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The Kid Should See This

Can mirrors and ceramic sand solve our energy problem?

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How can a giant field of solar mirrors create enough energy to power over 200,000 homes? Physics Girl Dianna Cowern tours the Mojave Solar Project, a concentrated solar power (CSP) plant in the desert of San Bernardino County, California, to find out. Watch How Mirrors Could Solve our Energy Problem, one in a series of sponsored videos about renewable energy. Cowern explains:

“The ultimate goal of concentrated solar power is to drive a turbine. The sun hits mirrors that then reflect to a special material and heat it up, and that material boils water, and then the steam drives the turbine that creates electricity.”

how concentrated solar power works
concentrated solar power setups
Cowern reviews a few versions of this technology and also talks with Dr. Cliff Ho of Sandia National Labs in Livermore, California. Via video chat, he shares how sand-like ceramic particles can absorb and store heat from the concentrated sunlight, an innovative upgrade for energy storage.

How? That heat created from sunlight can still generate energy, even after the sun has set, because the ceramic sand takes around ten hours to cool down.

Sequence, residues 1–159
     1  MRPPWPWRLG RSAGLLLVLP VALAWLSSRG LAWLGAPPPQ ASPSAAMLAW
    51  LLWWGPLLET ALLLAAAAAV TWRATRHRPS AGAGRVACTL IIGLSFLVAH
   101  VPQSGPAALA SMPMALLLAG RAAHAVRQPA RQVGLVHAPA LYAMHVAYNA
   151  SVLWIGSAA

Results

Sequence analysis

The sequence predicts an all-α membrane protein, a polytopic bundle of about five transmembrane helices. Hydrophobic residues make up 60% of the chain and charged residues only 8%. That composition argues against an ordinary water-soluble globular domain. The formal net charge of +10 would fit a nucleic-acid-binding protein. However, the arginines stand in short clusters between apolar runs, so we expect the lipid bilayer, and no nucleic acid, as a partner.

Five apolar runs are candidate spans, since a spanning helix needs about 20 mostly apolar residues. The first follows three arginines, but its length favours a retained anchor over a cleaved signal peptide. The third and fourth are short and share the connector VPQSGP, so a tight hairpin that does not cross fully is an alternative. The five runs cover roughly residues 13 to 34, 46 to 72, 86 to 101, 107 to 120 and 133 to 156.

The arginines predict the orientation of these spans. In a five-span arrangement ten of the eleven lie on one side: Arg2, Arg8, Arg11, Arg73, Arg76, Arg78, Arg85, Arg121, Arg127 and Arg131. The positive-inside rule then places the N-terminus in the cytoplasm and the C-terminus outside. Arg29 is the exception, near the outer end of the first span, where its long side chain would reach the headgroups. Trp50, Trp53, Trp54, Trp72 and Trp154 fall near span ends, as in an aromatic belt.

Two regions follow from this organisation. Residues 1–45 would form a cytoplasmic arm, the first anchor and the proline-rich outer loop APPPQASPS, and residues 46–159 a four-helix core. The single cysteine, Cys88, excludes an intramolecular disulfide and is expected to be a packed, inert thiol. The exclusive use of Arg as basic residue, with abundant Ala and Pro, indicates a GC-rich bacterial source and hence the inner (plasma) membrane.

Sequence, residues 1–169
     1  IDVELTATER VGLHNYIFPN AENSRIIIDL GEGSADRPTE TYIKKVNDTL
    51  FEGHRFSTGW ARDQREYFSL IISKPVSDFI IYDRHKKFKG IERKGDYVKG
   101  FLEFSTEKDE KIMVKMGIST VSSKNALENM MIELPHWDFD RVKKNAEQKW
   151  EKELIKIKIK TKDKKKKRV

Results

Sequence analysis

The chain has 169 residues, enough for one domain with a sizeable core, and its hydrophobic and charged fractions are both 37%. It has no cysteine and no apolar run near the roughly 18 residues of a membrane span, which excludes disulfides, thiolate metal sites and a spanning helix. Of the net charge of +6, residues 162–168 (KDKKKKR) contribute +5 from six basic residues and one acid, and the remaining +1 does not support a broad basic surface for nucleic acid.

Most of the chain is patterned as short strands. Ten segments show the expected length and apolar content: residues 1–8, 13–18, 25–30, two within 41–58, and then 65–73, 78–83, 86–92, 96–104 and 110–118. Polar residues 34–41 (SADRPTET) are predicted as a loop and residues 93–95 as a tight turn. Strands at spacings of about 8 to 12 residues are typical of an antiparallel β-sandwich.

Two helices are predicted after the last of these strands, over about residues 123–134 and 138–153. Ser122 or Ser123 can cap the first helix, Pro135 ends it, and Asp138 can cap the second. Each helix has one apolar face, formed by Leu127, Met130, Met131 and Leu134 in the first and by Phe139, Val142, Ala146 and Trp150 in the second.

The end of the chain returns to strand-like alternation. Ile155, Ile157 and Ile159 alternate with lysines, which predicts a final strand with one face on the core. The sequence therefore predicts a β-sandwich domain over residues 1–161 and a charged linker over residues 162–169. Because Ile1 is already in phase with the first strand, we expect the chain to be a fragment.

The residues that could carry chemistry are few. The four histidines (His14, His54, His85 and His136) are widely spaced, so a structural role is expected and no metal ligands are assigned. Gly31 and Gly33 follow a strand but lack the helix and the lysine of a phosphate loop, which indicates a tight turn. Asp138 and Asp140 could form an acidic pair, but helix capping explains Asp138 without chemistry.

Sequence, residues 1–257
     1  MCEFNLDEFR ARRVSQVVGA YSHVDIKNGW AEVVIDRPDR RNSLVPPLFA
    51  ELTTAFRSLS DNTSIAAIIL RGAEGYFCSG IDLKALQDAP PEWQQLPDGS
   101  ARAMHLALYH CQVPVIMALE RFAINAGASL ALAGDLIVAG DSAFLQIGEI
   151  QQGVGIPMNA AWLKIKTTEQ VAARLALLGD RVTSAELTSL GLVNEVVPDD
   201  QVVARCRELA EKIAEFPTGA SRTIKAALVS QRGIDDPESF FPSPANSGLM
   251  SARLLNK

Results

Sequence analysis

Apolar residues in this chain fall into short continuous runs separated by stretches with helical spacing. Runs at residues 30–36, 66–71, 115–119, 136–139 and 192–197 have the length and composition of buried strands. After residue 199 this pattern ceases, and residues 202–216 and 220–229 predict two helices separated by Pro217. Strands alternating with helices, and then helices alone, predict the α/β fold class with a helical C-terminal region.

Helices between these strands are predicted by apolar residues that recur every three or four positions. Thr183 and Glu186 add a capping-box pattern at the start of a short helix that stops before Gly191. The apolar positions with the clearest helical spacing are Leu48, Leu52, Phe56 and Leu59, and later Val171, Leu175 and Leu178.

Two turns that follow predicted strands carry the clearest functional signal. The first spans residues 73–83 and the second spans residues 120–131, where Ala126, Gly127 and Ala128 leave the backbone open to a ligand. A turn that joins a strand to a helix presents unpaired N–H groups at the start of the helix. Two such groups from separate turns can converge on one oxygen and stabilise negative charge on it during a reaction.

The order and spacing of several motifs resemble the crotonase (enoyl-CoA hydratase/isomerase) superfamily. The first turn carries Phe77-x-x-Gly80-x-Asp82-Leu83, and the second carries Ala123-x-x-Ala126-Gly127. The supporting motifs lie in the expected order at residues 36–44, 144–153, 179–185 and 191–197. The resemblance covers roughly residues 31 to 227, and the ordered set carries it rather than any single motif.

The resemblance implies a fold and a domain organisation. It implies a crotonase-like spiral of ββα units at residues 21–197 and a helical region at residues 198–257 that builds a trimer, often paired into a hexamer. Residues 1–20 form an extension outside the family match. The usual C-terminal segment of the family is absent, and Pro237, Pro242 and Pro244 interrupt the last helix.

“We believe particles are the best option for going to higher temperatures for advanced power cycles. The particles are inexpensive, durable and non-corrosive. They can be stored directly, they don’t freeze and they can reach temperatures over 1,000 C.”

ceramic "sand" that can store heat
This sponsored video series from Physics Girl also includes 1800 miles in a hydrogen car, Hydrogen Fuel Cell Electric vs Battery Electric, and the big problem facing renewable energy—energy storage.

Watch these related solar power videos next:
• 24/7 Concentrated Solar Thermal Power + Molten Salt Storage
• Can we get solar power to everyone who wants it?
A lemon-powered supercar and making the world’s largest lemon battery
• Using seawater and sunlight to grow sustainable food in the desert
• How do solar panels work?
• Stanford Solar Car Project: Racing on Sunshine, a documentary
• Fourth graders create a solar powered classroom

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